Guest author and editor Jonathan Marcantoni

545190_322137651205161_224346312_n

Please tell us about your books Traveler’s Rest & Communion?
Communion was a collaboration between myself and the playwrite/novelist Jean Blasiar. I was Jean’s editor when I worked for Savant Books and we have collaborated on several projects, including a play entitled Lily that is currently being workshopped in Los Angeles. Communion is a WWII-set drama about a little girl, Gem, who has the ability to silently communicate with animals. When her father goes missing in action during the war, she uses her ability to set events into motion that will allow her to find him. The story combines magic realism with melodrama and was a lot of fun to work on because it is very different from the kind of work I normally do. It allowed me to just have fun with a story rather than trying to make social statements or be overly intellectual. It also allowed me to indulge in my romantic side, as the relationship between the mother and father is central to the story as well.
Traveler’s Rest is a book of interconnected short stories that revolve around the friends Tony and Charlie, the sons of Puerto Rican immigrants who have almost fully assimilated to American culture. The book is about the search for identity amongst immigrants and how we often allow past wounds to define and enslave us. The book started as just a collection of short stories which I embarked on due to having spent the previous three years working on film scripts (at the time I was under contract with a production company that bought a lot of my work but never produced any of it). I wanted to return to narrative storytelling, but the more stories I told, the more connections I began to make until the stories practically tell one narrative, albeit a highly unconventional one.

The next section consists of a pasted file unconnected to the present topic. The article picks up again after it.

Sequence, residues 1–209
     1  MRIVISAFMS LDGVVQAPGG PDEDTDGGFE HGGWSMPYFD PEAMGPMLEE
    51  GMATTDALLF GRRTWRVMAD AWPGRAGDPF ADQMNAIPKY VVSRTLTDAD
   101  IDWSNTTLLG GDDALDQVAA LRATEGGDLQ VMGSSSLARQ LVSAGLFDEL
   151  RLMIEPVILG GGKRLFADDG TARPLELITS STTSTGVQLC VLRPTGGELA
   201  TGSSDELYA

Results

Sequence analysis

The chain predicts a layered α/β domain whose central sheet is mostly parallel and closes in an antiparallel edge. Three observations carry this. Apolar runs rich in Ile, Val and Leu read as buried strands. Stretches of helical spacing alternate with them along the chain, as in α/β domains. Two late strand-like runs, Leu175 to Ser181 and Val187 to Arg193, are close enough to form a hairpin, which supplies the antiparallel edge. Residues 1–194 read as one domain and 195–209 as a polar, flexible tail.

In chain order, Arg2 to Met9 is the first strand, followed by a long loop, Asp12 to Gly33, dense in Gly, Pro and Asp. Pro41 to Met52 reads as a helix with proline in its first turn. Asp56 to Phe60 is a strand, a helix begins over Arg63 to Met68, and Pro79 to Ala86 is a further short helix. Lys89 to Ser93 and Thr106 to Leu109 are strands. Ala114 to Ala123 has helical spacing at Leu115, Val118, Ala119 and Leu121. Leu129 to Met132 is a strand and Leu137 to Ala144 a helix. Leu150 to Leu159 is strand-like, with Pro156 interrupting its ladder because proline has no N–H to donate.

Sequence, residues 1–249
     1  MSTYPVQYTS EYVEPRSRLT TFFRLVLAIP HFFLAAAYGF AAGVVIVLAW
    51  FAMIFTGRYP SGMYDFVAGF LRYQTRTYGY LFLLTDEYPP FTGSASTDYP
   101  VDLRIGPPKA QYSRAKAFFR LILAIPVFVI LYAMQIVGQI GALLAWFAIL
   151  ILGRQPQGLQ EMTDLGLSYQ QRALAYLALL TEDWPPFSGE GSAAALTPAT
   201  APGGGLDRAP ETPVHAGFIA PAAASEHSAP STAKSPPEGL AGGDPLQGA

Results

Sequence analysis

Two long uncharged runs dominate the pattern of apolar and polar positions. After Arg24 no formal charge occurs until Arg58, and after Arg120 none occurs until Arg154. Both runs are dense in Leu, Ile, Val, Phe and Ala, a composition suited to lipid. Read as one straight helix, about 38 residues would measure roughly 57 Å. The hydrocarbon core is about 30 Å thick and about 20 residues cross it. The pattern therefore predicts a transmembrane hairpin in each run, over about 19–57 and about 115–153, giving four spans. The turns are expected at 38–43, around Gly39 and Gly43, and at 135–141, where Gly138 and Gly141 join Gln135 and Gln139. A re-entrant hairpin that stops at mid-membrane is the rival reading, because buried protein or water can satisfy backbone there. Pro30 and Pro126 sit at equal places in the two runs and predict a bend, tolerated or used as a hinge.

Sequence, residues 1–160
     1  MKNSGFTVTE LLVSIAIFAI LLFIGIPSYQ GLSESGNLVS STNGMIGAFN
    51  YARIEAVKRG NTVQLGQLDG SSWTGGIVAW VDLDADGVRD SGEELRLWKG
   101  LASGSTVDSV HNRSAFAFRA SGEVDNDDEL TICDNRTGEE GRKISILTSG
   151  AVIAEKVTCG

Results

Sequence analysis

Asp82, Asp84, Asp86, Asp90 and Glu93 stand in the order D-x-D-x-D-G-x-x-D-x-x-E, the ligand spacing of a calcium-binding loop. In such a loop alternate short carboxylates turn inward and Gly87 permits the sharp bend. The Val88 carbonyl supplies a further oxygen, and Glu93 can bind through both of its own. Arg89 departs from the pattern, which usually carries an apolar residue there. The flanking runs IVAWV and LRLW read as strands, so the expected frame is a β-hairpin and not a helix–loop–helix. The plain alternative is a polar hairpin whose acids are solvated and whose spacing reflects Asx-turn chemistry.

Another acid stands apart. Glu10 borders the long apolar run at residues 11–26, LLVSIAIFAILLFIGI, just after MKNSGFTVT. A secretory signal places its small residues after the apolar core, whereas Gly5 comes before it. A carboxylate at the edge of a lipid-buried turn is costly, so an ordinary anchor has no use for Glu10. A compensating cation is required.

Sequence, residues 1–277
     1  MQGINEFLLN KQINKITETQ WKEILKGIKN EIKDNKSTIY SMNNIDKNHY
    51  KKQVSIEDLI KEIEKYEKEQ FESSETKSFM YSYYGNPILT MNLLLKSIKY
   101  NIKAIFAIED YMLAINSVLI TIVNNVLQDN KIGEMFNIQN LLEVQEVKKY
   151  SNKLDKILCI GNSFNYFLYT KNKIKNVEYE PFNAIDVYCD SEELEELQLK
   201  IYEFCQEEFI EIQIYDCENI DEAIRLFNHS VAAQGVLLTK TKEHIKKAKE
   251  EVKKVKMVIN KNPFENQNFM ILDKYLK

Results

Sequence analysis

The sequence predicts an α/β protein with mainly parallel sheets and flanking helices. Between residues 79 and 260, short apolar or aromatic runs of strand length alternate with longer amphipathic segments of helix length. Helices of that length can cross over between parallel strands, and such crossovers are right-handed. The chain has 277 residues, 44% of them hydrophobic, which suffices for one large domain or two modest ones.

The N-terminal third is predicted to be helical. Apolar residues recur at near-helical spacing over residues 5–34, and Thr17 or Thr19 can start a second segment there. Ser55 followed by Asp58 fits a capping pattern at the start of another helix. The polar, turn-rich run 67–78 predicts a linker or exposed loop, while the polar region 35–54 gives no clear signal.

What was your inspiration for Traveler’s Rest?
 I was a big fan of Nietzsche and Fernando Pessoa at the time, and both were big on the ways people keep themselves from realizing their potential. How society limits people, how the mind limits you, how we enslave ourselves for no better reason than because we lack the will or direction to take control of our lives. Those were things I was dealing with on a personal level, and that translated into the book.
The most thrilling thing in starting a new book?
I carry books around in my head for years before I ever write them. I hardly ever write notes down, I let the book revolve and evolve in my head and then when I do start writing it I let the story take me where it needs to go. What gives me a big jolt when I first start writing is that I’m finally creating this scene that I’ve been carrying for however long, and to put those thoughts into words is always a rush and very gratifying.
What determines your location?
When I develop a story, it is usually around a theme, and what determines my location is what place best allows me to develop that theme. I also oftentimes have a place in mind when I develop a story. For instance, my newest book is set in Puerto Rico in large part becaus eI wanted to write a story set there, and I found themes that allowed me to do so. But either way, it is the thematic material that guides me.
Do you have a set place you work?
No, not at all. I write on whatever computer I can find wherever that might be.
Where can people find your two books?
On amazon.com and Barnes&noble.com. Here are the links:
296250_168865976532330_163193436_n
For Traveler’s Rest:
Where can people find you?
Aignos Publishing facebook page:www.facebook.comAignosPublishing and my blog:www.newerawriters.blogspot.com
What do you currently have in the works?
My new book The Feast of San Sebastian, apolitical thriller set on the Puerto Rican black market, is due out this summer in both English and Spanish.